In October 2010 Google and Verizon presented an FCC proposalregarding net neutrality. Now Verizon Communications, Inc. can charge Internet companies like Google Inc.’s You Tube to provide faster wireless data delivery of streaming video, according to a December 21, 2010 FCC approved compromise to create two Internets.
Since Internet congestion slows web traffic, some Internet providers either blocked or slowed data delivery, prompting the net neutrality debate. Julius Genachowski, chairman of the FCC, suggested providers could create a price per data consumed that would part from the current flat rate monthly Internet subscriptions.
The 3 to 2 vote approved a compromise that would broadly create two Internet classes, one for wireless networks (smartphones and wireless devices) and the other for fixed-line providers. Democratic commissioners were in favor of it with Republican commissioners opposed.
When the Internet first was developing, advertising revenue covered much of the cost. The approval of two Internet classes has opened the door for the possibility of additional revenue and profit in the network economy through variable Internet subscription rates depending on data consumed.
Blocking Access is Prohibited for Land Line Providers, but Wireless Have Wiggle Room
The new rules are a win for the wireless industry, but Internet companies like Google believe the decision is a good first step and stronger regulations need to have rules equivalent for wired and wireless services.
In other news, last week Android passed Apple iOS smartphone popularity, according to Millennial Media mobile ad network. Android, owned by Google, Inc., measured 46 percent of all ad impressions across their mobile (wireless) network while Apple iOS was at 32 percent.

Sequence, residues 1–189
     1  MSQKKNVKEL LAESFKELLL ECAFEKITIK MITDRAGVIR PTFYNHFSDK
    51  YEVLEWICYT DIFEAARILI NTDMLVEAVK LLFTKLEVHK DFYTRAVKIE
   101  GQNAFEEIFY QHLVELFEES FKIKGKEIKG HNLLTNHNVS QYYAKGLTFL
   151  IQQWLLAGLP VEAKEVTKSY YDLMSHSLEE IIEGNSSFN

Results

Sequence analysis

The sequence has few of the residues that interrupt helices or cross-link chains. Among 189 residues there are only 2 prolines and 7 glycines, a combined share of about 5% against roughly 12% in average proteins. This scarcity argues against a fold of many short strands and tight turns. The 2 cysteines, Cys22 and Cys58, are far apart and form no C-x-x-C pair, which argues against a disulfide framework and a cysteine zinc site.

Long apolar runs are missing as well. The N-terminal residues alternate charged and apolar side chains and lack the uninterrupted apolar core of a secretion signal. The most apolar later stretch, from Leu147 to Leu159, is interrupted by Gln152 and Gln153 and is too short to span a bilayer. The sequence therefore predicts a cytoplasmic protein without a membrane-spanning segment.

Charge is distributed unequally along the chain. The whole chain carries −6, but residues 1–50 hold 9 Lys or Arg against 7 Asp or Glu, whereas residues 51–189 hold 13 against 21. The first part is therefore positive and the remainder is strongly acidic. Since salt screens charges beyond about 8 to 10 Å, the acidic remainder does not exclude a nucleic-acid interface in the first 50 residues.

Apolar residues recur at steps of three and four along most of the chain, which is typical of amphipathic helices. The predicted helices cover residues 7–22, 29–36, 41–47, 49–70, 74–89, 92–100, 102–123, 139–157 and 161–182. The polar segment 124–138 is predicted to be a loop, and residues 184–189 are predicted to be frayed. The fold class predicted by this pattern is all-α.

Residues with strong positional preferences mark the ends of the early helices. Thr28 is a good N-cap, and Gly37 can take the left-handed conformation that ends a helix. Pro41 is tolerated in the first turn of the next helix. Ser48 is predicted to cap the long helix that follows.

With wiggle in wireless networks have exploded in mobile display ad business placement.
4info, a mobile advertising company serving ad units including mobile web, apps, video, and SMS, increased mobile display ads 2,000 percent in 2010. Mobile web advertising is 80 percent of their revenue (20 percent from SMS), and 69 million unique usersof wireless or 75 percent of wireless Web users in the United States are said to be reached by the 4info ad network.
Wireless applications go beyond wired Internet services, delivering different kinds of content such as location based services. Starbucks (NASDAQ: Sbux) has a national mobile/wireless payment system available to 6,800 Starbucks stores and about 1,000 Target (NYSE: TGT), co-branded, locations. Using QR Code, Starbucks customers can download a free Starbucks Card, Mobile App that can pay for their purchase by using their phone as a scanner. Starbucks says it is using this mobile payment system to build brand loyalty and customer rewards, convenience, and social connection. One third of Starbucks customers use smartphones; three quarters of them using either Black Berry and iPhone mobile devices.
Mr. Genachowski said “[M]obile carriers faced more congestion issues than other companies and need more leeway to manage their networks.” Wireless Internet has wiggle room while wired Internet cannot cite congestion as a reason for blocking or slowing down content except for “reasonable network management”. Wireless providers can charge for speedier delivery, but monthly wired subscriptions are still on a fixed rate delivery. The wireless platform is still being formed – from location based services – to mobile display advertising, without FCC restrictions.
“Google and Verizon offer an FCC Proposal on Net-Neutrality”. Capstone Media. October 21, 2010.
ABOUT: 4infonetwork, a mobile advertising agency, funded by investments from US Venture Partners, Draper Fisher Jurveston, NBC Universal’s Peacock Equity Fundy, Mezzanine Capital Partners, and Gannett Company, Inc, is headquartered in San Mateo, CA. Their premier product is AdHaven, a publishing platform suite for mobile advertising tools, built upon mobile display and SMS ads heading toward app rich media, video, and software capabilities. Founded in 2004 by Mr. Zaw Thet and 50 employees, 4info received $8 million of C funding (3/1/05), $10 million in D funding (6/1/07), and $20 million in unattributed funding (1/22/09), and last year acquired advertising start up Butter (6/21/10).